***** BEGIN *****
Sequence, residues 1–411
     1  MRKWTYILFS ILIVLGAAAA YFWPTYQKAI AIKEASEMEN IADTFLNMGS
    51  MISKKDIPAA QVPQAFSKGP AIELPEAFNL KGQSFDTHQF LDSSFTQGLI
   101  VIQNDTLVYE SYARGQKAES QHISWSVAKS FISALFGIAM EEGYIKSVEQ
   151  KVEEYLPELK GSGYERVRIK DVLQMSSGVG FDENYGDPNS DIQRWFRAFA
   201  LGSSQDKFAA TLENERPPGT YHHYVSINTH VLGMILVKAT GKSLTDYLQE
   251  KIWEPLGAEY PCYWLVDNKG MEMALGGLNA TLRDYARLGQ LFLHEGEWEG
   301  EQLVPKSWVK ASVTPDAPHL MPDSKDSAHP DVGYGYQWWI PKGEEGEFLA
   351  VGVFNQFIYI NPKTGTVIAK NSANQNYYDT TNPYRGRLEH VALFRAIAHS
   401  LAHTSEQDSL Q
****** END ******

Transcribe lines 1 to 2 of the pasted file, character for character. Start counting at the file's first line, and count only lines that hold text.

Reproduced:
Sequence, residues 1–411
     1  MRKWTYILFS ILIVLGAAAA YFWPTYQKAI AIKEASEMEN IADTFLNMGS